The Salvation Army is placing scores of young people in jobs across the church and charity so they can gain valuable work experience as part of the Government’s Kickstart scheme.
In total 85 paid job roles are on offer at the church and charity under the Government-funded initiative for 16-24-year-olds who claim Universal Credit, and are at risk of long-term unemployment.
Roles vary from activity coordinators and donation centre staff to marketing assistants and Lifehouse (hostel) employees. Each person will have a dedicated Salvation Army employability professional assigned to support them in their Kickstart role and to help them prepare for and seek employment at the end of their contract.
Today (10 September), a number of them shared their hopes and dreams with Employment Minister Baroness Deborah Stedman-Scott in a video call.
Department for Work and Pensions Minister, Baroness Stedman-Scott said:
It was wonderful to be back at The Salvation Army talking to some of the young people who have taken advantage of the 85 roles on offer through our Kickstart scheme.
The scheme creates vital jobs to help young people get back on track as we recover – with almost 600 young people starting a Kickstart job each working day over the last month.
Charlie Buckingham, 23, has taken on a Kickstart role with The Salvation Army and took part in the video call with the Baroness.
Charlie became a Community Support Worker at Sheerness Salvation Army on 1 June this year, helping people in need in the community. His role involves working with the food bank, delivering food parcels, organising meetings, as well as supporting the upcoming launch of a new community service run from a bus.
He said: “Just before the pandemic, I started a new job in marketing and development. I did the training and it was going well but then Covid came. I was put on furlough and then they let me go. I was then out of work for a whole year.
“While I was out of work, my work coach at the job centre kept sending me job details and I applied for loads and loads of things. I considered anything, even if it didn’t interest me, as I knew I had to support my family.”
At the start of 2021, Charlie’s work coach sent him details of some Kickstart placements.
He says: “None of them appealed to me but the one with The Salvation Army jumped out at me. It was completely different to anything I had ever done before.
“The best thing about this job is that what I am doing is meaningful. It makes a difference and is helping people in my area. I am not just a number on a bit of paper, I am helping to make my community a better place.”
Also participating in the scheme are 19 Salvation Army donation centres, superstores, and larger charity shops across the UK, operated by our trading arm.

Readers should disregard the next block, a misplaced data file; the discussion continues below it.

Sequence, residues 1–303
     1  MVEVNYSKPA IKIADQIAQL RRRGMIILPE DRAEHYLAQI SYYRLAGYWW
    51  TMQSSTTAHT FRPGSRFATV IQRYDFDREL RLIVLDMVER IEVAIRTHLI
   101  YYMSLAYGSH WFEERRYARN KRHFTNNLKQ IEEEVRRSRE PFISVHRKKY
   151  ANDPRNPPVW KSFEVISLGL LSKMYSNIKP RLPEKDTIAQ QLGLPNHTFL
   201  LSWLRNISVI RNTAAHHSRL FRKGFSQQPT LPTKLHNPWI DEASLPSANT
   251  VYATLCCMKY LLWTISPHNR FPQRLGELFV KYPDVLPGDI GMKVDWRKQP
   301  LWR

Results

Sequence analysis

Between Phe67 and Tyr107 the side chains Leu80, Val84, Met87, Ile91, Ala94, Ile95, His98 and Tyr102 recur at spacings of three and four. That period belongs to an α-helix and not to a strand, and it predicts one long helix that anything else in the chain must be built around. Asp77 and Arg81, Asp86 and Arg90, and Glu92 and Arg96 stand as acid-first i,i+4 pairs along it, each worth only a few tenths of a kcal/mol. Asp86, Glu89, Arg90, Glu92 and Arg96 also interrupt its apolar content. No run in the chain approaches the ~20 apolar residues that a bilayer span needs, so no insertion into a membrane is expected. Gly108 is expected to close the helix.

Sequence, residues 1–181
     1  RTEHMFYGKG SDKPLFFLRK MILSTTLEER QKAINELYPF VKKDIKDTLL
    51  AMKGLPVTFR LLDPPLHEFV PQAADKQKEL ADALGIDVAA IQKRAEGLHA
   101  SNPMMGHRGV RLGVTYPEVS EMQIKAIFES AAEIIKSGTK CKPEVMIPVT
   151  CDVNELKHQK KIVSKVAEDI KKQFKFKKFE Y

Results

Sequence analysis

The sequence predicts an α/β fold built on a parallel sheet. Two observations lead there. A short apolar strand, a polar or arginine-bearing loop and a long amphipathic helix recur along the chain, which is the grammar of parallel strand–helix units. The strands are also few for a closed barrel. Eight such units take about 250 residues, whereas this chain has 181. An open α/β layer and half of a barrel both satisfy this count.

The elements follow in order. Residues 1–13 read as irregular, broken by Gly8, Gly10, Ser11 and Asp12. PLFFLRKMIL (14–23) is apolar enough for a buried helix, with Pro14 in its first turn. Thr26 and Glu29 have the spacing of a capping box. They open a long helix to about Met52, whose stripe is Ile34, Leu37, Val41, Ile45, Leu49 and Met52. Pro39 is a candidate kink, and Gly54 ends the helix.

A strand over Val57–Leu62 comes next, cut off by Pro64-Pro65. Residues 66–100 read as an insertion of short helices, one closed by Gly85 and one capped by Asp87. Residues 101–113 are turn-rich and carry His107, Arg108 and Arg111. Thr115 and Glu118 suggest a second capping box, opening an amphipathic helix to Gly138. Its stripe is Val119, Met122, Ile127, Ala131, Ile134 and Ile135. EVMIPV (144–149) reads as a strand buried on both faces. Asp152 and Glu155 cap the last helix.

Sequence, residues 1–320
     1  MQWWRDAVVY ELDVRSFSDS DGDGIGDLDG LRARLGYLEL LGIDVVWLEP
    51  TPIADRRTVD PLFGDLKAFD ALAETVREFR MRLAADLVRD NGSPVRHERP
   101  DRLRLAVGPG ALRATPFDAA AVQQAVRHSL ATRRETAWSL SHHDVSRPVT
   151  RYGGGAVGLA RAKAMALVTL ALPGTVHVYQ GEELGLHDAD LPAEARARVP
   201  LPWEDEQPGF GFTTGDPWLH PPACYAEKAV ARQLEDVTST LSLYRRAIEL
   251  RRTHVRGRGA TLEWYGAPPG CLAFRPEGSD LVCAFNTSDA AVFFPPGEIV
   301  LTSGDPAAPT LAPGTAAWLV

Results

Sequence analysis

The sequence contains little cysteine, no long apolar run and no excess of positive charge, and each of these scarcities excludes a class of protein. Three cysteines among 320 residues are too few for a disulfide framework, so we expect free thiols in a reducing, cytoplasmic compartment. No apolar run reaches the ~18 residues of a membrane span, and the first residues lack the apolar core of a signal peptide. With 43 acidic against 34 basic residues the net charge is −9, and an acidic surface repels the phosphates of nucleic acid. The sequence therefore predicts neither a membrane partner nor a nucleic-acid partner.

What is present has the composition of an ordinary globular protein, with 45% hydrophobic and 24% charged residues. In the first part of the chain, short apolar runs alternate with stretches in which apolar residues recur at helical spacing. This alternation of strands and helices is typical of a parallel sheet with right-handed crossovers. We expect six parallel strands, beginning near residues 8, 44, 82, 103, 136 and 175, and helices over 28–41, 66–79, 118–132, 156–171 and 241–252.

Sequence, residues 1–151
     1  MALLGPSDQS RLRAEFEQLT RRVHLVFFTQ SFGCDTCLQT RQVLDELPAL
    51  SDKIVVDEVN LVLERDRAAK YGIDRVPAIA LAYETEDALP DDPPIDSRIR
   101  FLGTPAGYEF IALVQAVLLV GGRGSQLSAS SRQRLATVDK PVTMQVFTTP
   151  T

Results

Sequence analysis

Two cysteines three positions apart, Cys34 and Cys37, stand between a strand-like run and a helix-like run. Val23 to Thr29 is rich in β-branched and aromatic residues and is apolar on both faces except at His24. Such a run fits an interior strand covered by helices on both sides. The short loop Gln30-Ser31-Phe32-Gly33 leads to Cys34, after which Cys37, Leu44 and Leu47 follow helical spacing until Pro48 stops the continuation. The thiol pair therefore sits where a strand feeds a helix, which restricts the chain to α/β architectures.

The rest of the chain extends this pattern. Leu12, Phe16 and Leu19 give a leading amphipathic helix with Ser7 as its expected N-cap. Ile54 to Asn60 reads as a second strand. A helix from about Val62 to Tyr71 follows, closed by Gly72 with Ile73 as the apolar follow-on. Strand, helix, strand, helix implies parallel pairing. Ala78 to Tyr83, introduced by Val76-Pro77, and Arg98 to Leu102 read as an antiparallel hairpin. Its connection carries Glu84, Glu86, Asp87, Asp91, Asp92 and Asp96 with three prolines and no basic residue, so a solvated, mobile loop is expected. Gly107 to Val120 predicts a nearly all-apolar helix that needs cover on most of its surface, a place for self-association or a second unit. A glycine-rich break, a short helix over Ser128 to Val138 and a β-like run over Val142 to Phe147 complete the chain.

Sarah Trivett, Training and HR Manager at the Salvation Army Trading Company, said:
We are extremely pleased to be working alongside our parent church and charity to support the Kickstart scheme.
Colleagues involved in the scheme are 100% committed to helping all of the young people gain valuable work experience. Alongside the Employment Plus Co-ordinators, they are dedicated to help coach them in employability skills, assisting them in whatever way they can to give them the best possible placement and increase their chances of attaining permanent employment.
With unemployment levels still high following the pandemic and young people bearing the brunt of job losses in the last year1, The Salvation Army is delighted to give as many of them as possible their first step on the career ladder.
Rebecca Keating, The Salvation Army’s Director of Employment Services, said: “The Government has made a commitment to ‘level up’ the country, and initiatives like the Kickstarter scheme are key to that. We know from our work in the communities that young people want to work, but many need extra help to gain the skills and confidence to find and stay in work.
“We are thrilled that our first tranche of ‘Kickstarters’ has joined us. We are grateful to Baroness Stedman-Scott for taking the time to meet some of these young people and learn about their experiences. Listening to the needs of people is the first step towards levelling up the country as it ensures Government hears first-hand the barriers to employment and prosperity that many communities face.
“As Government plans to ‘level up’ the UK are rolled out, The Salvation Army urges the Government to continue listening to vulnerable people to ensure the balance of resource goes directly to those that need it. There must be a careful balance between investment in infrastructure like bridges and roads with supporting people in practical ways like employment support. This is particularly important to help many young adults to find and stay in work.”
The Salvation Army recently published an extensive research project to examine what communities need to fully recover and begin to flourish following the pandemic.
In addition to Kickstart, The Salvation Army’s has over 150 Employment Plus services across England, Scotland, Wales, and Northern Ireland, which offer tailored support to help job seekers find and stay in work.
Rebecca Keating adds: “We hope the Government will continue to build on measures like Employment Plus services that support job training, roll out further apprentice schemes like Kickstart, but also introduce practical measures like improving childcare to help struggling families earn.
The expansion of Employment Plus services is an excellent way of supporting people who are desperate to work but need to update their skills and rethink how to find work in a changing world. The report will also recommend a series of targeted interventions to help those in low-paid work retrain and increase their earnings.
Written By: Rachel Emmett